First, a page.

Not that there’s anything lacking in the tonal stakes here already. Once again, I find myself surprised at the amount of good, useful volume coming out of a modestly sized instrument. Chords are very clean and well balanced with bags of tone and fingerstyle results in clearly defined notes with an excellent balance between treble and bass.
I do wonder about the pickup, though. Luckily, I happen to be sitting within a few feet of an AER amp and so, just for the craic, let’s plug the T-0014 in and see what happens.
I must say that the LR Baggs system preserves the tonal characteristics of this guitar admirably. Wonderful separation and loads of tonal variety on offer, despite there being only the two rotary controls, one for volume and one for the blend between pickup and internal mic. So the H&D wins both acoustically and electronically.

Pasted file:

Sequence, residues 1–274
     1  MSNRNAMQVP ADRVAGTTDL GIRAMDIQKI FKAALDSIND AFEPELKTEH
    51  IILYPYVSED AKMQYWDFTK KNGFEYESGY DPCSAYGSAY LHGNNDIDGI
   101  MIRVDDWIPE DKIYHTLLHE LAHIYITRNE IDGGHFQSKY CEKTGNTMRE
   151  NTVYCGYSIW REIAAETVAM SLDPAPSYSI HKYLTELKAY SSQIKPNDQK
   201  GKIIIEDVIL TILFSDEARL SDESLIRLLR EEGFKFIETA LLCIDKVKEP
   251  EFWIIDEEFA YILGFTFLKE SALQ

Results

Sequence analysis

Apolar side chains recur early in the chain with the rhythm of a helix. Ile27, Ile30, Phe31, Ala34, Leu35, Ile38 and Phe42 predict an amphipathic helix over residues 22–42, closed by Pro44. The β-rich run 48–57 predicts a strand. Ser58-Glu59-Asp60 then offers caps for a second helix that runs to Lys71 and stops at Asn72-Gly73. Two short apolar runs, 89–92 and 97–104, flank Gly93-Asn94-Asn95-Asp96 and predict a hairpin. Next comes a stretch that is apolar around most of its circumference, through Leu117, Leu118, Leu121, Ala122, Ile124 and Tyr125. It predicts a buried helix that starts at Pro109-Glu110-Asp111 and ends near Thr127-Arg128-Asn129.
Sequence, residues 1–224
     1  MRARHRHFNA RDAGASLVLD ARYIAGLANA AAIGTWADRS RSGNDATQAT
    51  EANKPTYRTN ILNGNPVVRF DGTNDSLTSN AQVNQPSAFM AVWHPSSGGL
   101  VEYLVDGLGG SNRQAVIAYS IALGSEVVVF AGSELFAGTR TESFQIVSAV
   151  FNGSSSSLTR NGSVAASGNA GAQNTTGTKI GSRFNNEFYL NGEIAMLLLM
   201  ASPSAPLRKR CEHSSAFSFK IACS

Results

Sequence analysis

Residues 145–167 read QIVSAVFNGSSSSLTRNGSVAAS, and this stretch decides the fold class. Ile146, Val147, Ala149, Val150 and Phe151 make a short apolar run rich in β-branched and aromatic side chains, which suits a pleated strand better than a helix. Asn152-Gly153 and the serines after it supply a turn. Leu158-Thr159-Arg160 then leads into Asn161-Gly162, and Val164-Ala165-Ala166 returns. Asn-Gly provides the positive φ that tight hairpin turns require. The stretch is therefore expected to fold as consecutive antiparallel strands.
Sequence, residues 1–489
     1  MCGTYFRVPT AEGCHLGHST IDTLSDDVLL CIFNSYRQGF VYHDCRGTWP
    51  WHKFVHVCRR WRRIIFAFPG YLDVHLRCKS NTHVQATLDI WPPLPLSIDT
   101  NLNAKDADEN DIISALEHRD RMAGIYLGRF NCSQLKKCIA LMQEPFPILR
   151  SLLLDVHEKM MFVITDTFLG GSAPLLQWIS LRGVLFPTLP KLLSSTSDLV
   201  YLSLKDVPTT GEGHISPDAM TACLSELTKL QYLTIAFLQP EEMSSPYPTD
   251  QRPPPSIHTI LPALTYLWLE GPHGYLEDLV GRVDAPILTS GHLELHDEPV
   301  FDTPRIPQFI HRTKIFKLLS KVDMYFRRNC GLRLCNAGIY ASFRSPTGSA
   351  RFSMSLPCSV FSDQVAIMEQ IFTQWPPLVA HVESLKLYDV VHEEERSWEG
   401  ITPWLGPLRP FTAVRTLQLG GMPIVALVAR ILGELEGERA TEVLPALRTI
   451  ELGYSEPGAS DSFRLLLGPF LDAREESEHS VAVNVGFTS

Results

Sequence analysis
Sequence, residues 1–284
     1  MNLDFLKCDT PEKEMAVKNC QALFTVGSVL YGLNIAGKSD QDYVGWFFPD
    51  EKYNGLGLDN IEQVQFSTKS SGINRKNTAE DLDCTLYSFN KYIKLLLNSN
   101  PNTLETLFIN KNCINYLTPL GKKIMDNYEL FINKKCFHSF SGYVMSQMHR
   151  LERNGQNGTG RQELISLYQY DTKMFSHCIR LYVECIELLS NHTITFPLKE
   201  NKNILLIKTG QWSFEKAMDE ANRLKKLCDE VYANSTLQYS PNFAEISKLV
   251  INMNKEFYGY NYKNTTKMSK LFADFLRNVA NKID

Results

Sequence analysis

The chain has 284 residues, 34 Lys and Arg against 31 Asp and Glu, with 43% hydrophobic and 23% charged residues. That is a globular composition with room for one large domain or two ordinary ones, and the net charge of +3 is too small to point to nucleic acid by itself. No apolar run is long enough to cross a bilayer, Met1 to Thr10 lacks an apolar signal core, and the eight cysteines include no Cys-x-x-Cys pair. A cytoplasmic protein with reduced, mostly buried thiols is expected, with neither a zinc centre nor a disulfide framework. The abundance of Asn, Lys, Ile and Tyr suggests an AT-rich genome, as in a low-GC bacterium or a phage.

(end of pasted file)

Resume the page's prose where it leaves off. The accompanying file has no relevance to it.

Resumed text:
Priced around £3.5k without a pickup, this guitar is obviously aimed at the serious enthusiast. But for that money, you’re getting a great deal of useable tone and dynamics built in to a superbly crafted instrument. This particular price point is in a neck of the woods that is arguably dominated by brands like Martin, Taylor, Lowden and so on, but I think Huss & Dalton is creating a niche for themselves as this guitar doesn’t necessarily sound similar to any of the aforementioned giants. It has a voice and character of its own and isn’t that what it should be all about?
Pros: Very well crafted instrument with a good set of tones
Cons: Personally, I’d push the string gauge up and fit a pick-up!
Overall: A guitar from a company rapidly making a name for itself in today’s marketplace – great tone and superb craftsmanship
Manufacturer: Huss & Dalton
Retail Price: £3,499 (without pickup)
Body Size: 00
Made In: USA
Top: Sitka spruce
Back and Sides: East Indian rosewood
Fingerboard: Gaboon ebony
Tuners: Waverly open back
Nut Width: 43mm
Scale Length: 632.4mm
Onboard Electronics: LR Baggs (optional)
Strings Fitted: D’Addario
Left Handers: Yes – no extra charge
Gig Bag/Case Included: TKL H&D branded tweed case